Authentic learning/teaching/assessment is not a single educational theory. The theoretical approach of John Dewey (1859-1952), the founder of the philosophical school of pragmatism, grew into Inquiry-based education.
The 1994 School-to-Work Opportunities Act articulated an education reform strategy that included innovative approaches to classroom teaching, guided learning experiences outside of the classroom, usually at work, and increased career counseling and guidance. The impetus for this reform came from a growing anxiety during the 1980’s that America’s youth were not prepared for the rapidly changing world of work. Initially, this approach was seen as most appropriate for students not headed for college. But researchers are now praising its potential to serve as a model for all secondary school curricula.
Reformers are advocating a shift from a “teacher-centered” classroom, in which the teacher transmits information to the student, toward a “learner-centered” approach in which students are actively engaged in the discovery or “construction” of their own knowledge.
Students should not only learn basic skills, but incorporate those skills into tasks requiring complex thinking and in-depth knowledge which is then used to solve problems and create actual products. These products should have value in settings outside the classroom.Construction of knowledge is accomplished through task completion in which the learner has played an active and creative role. This type of engagement is particularly meaningful when the task is something which has personal meaning for the student. Disciplined inquiry occurs when students hypothesize by stating questions and determining resources necessary for task completion. Beyond formulating ideas, students explore and evaluate information, then synthesize to create examples, which illustrate their understanding of the problem.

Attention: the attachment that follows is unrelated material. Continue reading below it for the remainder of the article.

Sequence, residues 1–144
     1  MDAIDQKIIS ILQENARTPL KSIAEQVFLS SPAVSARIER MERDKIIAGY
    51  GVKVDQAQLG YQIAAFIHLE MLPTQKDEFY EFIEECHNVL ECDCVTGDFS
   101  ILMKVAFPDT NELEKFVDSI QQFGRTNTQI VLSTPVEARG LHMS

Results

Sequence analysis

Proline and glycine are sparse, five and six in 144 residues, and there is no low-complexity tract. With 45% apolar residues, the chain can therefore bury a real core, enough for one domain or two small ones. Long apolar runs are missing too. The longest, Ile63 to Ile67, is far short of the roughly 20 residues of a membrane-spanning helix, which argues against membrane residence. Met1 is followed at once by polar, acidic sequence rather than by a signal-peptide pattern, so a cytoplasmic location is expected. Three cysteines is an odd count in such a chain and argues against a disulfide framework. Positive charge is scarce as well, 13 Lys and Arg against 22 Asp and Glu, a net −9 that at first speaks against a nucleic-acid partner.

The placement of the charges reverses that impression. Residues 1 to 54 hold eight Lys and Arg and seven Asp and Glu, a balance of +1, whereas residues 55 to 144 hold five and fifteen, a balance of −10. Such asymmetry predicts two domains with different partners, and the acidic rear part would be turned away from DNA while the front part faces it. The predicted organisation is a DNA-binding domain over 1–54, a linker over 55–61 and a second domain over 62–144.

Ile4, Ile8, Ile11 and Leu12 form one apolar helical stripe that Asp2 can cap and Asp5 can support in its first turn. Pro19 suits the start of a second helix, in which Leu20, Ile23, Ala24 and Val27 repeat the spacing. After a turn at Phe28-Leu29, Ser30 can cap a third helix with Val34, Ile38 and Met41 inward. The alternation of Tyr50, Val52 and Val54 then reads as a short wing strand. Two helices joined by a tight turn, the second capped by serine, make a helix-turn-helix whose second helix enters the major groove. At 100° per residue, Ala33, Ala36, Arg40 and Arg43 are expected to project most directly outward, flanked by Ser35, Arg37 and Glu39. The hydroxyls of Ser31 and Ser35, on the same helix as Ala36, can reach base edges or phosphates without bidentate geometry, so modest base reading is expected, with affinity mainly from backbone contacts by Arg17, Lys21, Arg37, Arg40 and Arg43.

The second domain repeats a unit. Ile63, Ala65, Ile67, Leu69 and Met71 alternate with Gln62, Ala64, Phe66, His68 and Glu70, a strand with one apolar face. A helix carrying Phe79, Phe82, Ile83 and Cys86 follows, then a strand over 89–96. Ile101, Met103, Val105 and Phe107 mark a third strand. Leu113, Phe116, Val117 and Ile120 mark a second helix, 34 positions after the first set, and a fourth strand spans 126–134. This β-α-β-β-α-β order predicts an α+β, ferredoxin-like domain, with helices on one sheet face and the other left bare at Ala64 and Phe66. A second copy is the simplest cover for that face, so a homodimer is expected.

Success of productive constructivism was limited because students often chose tasks that were inappropriate or far removed from traditional curriculum topics. This lead to the development of the idea of “guided discovery” or “goal-based scenarios”.
A Goal-Based Scenario is a learning activity in which the teacher identifies a set of target skills for students to which students can be held accountable. The teacher identifies a mission which will require utilization of the identified target skills and will choose a focus of the general task of the mission. The focus might be for a student to design something, or to diagnose a situation. The student might be given a mission to discover something or to control something. A cover story helps set the stage for the GBS as it envelopes the chosen mission.
Even if students are allowed to plan their own scenario, the teacher provides some guidance to insure the scenario has value and identify time restraints.
Finally, the teacher builds a learning environment which will support the target skills. This model transforms the teacher from the role of the selector, presenter, and evaluator to the role of brainstormer, manager, and leader.
What began as productive constructivism became guided discovery, and is now called authentic pedagogy – often involving long-term projects, usually done in groups, about difficult issues that require some complex written or oral final presentation.